Troubling Tachycardia

aka ECG Exigency 010

Another crazy night in the ED… One of the nurses hands you this ECG. “Can you take a look at this guy? He doesn’t look so well…”


Q1. What is the name of this rhythm?

Answer and Interpretation

This is an example of bidirectional ventricular tachycardia with

  • Regular broad complex tachycardia
  • The frontal-plane axis swings 180 degrees from left to right with each alternate beat

Q2. What are the two main causes of this dysrhythmia?

Answer and Interpretation
  • Severe digoxin toxicity
  • Familial Catecholaminergic Polymorphic Ventricular Tachycardia (CPVT)

Q3. What are the clinical and ECG features of Digoxin toxicity?

Answer and Interpretation

Digoxin toxicity

Clinical features

  • GIT: Nausea, vomiting, anorexia, diarrhoea
  • Visual: Blurred vision, yellow/green discolouration, haloes
  • CVS: Palpitations, syncope, dyspnoea
  • CNS: Confusion, dizziness, delirium, fatigue

Electrocardiographic Features

  • Digoxin can cause a multitude of dysrhythmias, due to increased automaticity (increased intracellular calcium) and decreased AV conduction (increased vagal effects at the AV node)
  • The classic dysrhythmia associated with digoxin toxicity is the combination of a supraventricular tachycardia (due to increased automaticity) with a slow ventricular response (due to decreased AV conduction), e.g.  ‘atrial tachycardia with block’.

Other arrhythmias associated with digoxin toxicity are:

  • Frequent VEBs (the most common abnormality), including ventricular bigeminy and trigeminy
  • Sinus bradycardia or slow AF
  • Any type of AV block (1st degree, 2nd degree & 3rd degree)
  • Regularised AF = AF with complete heart block and a junctional or ventricular escape rhythm
  • Ventricular tachycardia, including polymorphic and bidirectional VT

Examples of digoxin toxicity:

Q4. What are the clinical and ECG features of CPVT?

Answer and Interpretation

Clinical features

  • An inherited arrhythmogenic disease characterised by episodic palpitations, syncope or cardiac arrest precipitated by exercise or acute emotion (i.e. catecholamine-triggered ventricular dysrhythmias)
  • Onset during childhood (mean age: 7-9 years old)
  • Family history of sudden cardiac death
  • Ventricular arrhythmias reproducible on exercise stress testing

Electrocardiographic Features

  • Bidirectional VT
  • Polymorphic VT
  • Ventricular fibrillation

CPVT Example

  • Exercise stress test in a patient with CPVT.
  • Progressively worsening ventricular arrhythmias are observed during exercise.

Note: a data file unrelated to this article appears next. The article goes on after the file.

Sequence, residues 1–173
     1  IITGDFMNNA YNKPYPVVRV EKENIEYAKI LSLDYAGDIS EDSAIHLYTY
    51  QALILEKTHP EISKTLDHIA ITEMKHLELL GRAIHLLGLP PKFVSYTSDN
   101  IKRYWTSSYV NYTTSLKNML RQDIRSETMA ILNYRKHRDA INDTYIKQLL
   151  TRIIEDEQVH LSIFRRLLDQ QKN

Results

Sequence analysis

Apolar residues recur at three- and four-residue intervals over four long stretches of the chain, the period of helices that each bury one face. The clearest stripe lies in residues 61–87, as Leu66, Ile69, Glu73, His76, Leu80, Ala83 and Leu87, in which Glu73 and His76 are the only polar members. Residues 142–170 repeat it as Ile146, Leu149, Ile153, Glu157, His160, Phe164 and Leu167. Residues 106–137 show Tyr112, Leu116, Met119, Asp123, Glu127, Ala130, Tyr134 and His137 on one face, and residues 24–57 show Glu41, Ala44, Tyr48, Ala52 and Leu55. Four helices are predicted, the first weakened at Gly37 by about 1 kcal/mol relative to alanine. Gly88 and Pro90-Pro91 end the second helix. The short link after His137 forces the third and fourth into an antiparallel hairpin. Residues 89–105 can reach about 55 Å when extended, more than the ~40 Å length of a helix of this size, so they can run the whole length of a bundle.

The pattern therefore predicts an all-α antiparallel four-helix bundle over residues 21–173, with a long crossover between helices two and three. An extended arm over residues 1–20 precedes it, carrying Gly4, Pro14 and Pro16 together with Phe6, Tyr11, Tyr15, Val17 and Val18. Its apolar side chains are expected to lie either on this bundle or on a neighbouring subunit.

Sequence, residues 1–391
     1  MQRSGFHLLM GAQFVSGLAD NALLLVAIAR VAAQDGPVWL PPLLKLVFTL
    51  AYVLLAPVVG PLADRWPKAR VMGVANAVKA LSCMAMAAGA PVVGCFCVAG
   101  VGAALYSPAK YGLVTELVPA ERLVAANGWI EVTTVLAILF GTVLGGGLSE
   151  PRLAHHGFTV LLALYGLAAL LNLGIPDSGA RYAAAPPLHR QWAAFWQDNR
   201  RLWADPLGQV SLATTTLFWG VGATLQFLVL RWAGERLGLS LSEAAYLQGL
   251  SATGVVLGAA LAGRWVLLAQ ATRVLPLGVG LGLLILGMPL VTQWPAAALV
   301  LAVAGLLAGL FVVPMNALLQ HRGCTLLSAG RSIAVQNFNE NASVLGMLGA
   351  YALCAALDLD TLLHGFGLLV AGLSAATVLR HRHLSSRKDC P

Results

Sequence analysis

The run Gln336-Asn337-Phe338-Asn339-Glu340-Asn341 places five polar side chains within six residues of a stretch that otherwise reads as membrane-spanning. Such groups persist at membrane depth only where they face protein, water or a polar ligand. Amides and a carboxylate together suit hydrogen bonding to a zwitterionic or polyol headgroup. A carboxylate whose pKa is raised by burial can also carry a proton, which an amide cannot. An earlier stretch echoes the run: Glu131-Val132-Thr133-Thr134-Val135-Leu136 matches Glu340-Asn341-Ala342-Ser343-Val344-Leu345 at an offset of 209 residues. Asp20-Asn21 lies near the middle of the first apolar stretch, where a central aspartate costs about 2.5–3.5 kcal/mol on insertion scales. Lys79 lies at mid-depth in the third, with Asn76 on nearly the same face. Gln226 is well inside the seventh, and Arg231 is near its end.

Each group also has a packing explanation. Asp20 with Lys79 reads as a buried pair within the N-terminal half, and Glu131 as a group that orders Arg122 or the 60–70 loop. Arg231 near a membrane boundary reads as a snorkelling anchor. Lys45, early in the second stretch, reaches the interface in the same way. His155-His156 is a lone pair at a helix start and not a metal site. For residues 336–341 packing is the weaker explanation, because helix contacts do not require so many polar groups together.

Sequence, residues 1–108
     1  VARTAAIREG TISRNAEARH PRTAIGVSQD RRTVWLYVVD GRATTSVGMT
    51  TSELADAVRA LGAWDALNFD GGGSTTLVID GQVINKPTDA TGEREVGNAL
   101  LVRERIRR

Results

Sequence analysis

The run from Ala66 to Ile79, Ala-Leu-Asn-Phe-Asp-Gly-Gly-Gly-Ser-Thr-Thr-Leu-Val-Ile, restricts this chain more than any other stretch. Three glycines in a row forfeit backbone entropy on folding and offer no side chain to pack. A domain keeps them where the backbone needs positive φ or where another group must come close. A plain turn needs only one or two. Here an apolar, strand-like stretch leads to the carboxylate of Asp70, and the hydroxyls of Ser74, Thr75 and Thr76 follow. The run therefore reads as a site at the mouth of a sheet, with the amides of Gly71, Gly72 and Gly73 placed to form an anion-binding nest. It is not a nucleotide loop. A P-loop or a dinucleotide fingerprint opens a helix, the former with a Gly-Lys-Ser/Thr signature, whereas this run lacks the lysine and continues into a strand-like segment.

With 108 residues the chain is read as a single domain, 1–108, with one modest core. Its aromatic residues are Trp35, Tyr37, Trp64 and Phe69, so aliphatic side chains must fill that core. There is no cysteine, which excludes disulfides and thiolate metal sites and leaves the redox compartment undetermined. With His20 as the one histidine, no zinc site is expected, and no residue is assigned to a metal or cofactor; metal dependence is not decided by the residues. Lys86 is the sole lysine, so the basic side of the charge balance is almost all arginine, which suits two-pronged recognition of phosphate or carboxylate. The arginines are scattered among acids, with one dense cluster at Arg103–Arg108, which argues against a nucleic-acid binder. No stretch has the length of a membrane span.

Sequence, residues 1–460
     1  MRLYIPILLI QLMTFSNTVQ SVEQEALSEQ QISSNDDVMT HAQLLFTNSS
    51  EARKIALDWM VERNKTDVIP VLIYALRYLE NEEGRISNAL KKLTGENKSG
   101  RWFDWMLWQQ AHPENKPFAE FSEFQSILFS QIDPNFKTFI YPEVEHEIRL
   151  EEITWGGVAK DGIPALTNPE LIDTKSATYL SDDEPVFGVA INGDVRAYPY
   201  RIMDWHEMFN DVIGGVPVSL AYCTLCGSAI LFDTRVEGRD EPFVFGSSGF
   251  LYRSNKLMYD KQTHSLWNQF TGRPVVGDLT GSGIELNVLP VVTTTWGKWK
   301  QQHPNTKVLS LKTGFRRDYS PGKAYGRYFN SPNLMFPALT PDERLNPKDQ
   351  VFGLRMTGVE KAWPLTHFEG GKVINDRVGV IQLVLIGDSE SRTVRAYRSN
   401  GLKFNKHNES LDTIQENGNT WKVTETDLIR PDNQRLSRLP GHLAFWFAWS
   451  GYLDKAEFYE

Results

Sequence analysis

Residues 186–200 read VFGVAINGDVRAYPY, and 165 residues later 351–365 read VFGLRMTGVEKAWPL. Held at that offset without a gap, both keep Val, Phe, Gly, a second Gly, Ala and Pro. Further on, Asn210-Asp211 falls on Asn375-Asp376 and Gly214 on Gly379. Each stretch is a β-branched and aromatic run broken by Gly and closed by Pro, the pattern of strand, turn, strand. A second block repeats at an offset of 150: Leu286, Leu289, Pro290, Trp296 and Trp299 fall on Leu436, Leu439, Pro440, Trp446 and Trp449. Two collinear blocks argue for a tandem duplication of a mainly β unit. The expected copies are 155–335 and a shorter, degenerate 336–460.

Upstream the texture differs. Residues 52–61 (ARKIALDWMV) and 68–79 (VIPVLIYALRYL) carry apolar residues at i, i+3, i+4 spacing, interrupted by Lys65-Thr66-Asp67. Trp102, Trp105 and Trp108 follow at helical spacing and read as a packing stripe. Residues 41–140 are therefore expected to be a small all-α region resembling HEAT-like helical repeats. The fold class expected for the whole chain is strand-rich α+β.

• Typical bidirectional VT develops after 1 minute of exercise with a sinus heart rate of approximately 120 beats per minute.
  • Arrhythmias rapidly recede during recovery.

Q5. How are these conditions treated?

Answer and Interpretation


  • The antidote for acute or chronic digoxin toxicity is digoxin-specific immune Fab (‘Digibind’)
  • Initial empiric dosing of Digibind is 5 ampoules for acute overdose, 2 ampoules for chronic toxicity and up to 20 ampoules for cardiac arrest
  • AV block may respond to atropine 0.6 mg IV bolus, repeated to a maxium of 1.8 mg (20 mcg/kg in children)
  • Dysrhythmias may be treated with IV lignocaine 1mg/kg (max 100mg) over 2 minutes
  • Hyperkalaemia is treated in the usual way with insulin and dextrose, sodium bicarbonate… however, IV calcium is (traditionally) contraindicated!
  • DC cardioversion is unlikely to be successful in digoxin poisoning. Patients in cardiac arrest may require continuous CPR until Digibind can be sourced and administered.

Catecholaminergic Polymorphic Ventricular Tachycardia

  • Beta blockers (e.g. propranolol) are used for suppression of catecholamine-triggered ventricular tachydysrhythmias.
  • Electrical cardioversion / defibrillation may be required for haemodynamically unstable VT/VF, although patients often spontaneously revert to sinus rhythm.
  • Implantable cardioverter-defibrillator (ICD) insertion is considered for primary or secondary prevention of cardiac arrest.




Emergency Physician in Prehospital and Retrieval Medicine in Sydney, Australia. He has a passion for ECG interpretation and medical education | ECG Library |

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